“Youse wants a vodkas and cranberries and a beers.” I did hear right. This guy’s favorite letter of the alphabet is “s” and I’m getting a kick out of it.
“Yes, that’s what I wants, oops, want.” This could become contagious. I better get a hold of myself. Use “s” to pluralize and to possess.
“Okays thens, Oh, my names Pete’s.”
I extend my arm across the bar, offering a handshake, to make it official, to ensure him that I’m his new friend and as a friend, I am guaranteeing my return. Otherwise I’d remain a passing whim in the breeze, never to be seen or heard from again. But not this guy. The fact that this tavern has no jukebox, pool table, or any other distraction provides more the reason to make this my new hangout. Yes, this is the place.
“Pete, let me buy you a drink.”
“That’s okays. Thank youse though.”
One night after work (been working at my new job for two weeks), Tony had on the television a running of the bulls – The Chicago Bulls. They were vying for the ring, playing against the dreaded Lakers. The Bulls were over-due, as was their perpetual hero – Michael Jordan. Before this night, I never paid much attention to basketball. I was never a fan, didn’t find much excitement in the game. For a long time, I was a fan of baseball, particularly my beloved Chicago Cubs.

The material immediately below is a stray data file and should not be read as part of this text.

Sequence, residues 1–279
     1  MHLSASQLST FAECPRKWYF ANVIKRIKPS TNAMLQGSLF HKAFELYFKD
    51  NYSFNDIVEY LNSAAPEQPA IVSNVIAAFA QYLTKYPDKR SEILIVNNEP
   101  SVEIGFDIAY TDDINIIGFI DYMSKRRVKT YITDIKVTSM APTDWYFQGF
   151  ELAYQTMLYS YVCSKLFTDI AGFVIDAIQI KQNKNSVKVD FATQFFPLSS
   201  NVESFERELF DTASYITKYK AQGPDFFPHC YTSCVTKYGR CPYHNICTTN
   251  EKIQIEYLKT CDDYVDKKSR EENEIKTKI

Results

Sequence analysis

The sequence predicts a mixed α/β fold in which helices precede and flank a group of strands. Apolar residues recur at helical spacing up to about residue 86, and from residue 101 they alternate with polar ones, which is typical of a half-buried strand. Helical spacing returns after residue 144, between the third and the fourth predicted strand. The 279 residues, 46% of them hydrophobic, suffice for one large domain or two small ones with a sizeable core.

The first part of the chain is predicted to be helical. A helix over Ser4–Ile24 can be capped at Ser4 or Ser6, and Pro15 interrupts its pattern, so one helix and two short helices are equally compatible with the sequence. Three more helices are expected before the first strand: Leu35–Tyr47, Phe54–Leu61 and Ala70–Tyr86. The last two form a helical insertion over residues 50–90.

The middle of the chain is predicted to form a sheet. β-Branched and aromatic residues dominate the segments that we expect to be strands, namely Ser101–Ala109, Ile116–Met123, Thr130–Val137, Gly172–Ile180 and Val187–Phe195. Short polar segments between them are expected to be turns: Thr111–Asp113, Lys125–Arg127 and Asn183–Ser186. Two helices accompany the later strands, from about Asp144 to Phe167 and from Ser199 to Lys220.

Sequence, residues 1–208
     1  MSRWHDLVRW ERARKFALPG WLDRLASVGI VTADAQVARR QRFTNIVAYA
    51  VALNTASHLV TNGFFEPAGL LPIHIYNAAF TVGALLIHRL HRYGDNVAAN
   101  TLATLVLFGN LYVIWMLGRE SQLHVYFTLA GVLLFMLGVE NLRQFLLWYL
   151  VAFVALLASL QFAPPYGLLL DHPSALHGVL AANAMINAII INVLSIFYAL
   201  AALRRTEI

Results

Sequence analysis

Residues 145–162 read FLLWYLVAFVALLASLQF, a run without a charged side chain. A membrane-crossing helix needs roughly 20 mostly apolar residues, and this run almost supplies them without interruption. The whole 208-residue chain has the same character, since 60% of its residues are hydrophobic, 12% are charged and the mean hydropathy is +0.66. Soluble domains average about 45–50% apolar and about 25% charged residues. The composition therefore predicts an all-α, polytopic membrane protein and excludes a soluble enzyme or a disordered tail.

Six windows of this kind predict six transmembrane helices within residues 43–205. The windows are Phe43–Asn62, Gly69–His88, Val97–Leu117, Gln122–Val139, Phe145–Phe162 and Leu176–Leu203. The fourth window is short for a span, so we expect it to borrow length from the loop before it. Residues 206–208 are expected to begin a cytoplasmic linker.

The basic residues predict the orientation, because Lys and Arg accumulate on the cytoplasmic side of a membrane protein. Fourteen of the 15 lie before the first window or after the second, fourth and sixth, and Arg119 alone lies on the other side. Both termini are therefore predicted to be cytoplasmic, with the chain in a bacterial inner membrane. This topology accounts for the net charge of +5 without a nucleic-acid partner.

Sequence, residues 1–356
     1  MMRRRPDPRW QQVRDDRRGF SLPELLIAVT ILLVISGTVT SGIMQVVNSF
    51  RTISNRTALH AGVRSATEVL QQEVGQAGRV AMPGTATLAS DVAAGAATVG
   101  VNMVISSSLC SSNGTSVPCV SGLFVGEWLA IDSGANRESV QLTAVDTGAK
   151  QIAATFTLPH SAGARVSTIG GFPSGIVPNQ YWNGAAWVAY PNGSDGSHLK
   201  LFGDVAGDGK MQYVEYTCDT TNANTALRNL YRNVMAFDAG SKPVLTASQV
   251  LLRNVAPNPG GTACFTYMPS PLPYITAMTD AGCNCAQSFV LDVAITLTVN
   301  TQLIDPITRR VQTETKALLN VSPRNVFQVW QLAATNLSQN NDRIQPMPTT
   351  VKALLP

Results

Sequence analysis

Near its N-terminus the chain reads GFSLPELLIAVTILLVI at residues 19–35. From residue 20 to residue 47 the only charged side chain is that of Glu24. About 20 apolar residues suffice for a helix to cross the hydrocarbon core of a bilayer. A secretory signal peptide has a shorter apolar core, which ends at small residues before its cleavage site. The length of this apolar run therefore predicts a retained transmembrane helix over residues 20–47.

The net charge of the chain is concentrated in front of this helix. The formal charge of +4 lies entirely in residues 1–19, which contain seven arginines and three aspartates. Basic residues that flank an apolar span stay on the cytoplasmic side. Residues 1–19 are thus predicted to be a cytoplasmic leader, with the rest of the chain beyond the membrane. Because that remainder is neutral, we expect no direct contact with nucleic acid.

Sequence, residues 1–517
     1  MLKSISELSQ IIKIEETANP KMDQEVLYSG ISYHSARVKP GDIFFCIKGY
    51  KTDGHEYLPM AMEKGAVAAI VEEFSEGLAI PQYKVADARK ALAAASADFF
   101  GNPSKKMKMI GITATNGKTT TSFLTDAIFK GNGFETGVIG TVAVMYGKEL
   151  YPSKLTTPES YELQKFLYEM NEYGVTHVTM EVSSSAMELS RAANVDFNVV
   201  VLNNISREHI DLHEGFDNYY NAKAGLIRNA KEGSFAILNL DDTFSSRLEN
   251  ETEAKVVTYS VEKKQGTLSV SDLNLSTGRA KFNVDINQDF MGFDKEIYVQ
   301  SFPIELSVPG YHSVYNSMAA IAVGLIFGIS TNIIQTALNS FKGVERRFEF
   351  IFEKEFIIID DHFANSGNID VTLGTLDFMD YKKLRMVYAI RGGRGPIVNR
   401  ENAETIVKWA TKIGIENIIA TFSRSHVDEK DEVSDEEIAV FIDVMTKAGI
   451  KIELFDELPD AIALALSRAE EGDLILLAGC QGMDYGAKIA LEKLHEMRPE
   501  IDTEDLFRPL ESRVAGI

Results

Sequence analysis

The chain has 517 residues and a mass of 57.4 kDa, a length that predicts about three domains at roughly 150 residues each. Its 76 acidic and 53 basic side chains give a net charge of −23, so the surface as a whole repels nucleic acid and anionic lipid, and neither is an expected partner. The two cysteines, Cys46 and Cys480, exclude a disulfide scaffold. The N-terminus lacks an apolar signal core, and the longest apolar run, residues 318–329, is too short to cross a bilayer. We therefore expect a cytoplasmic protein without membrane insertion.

The venerable Wrigley Field was down the street from my high school, Lane Tech. Across from Lane Tech., WGN Studios. When I was a sophomore at Lane I saw Bozo Circus. Bozo was blinking his eyes at me and my other long-haired friends. As was Mr. Ned (the ring master) and Cookie the Clown. Little did they know, that before me and my friends entered their circus, we had ingested a bunch of purple microdot. That is LSD, my friends.
Wrigley Field, for all its intents and purposes, hadn’t housed a champion team for decades. But what it did offer was atmosphere. Beautiful, open-aired and ivied, Wrigley was the place to be on a warm-aired summer day. I was more prone to watching the halter-topped babes than the players on the field. Those fine lasses caught my eye more than the hapless Cubs caught the ball, providing me reason to return to Wrigley time and time again. Ah, and of course, the cold Budweisers, which helped propel me to an early exit a few times. The security guards had to escort me out because I was too loud and obnoxious. They couldn’t understand how I could have possibly been so drunk on a few buds. Little did they know that I also had under my belt about a fifth of vodka and grapefruit juice.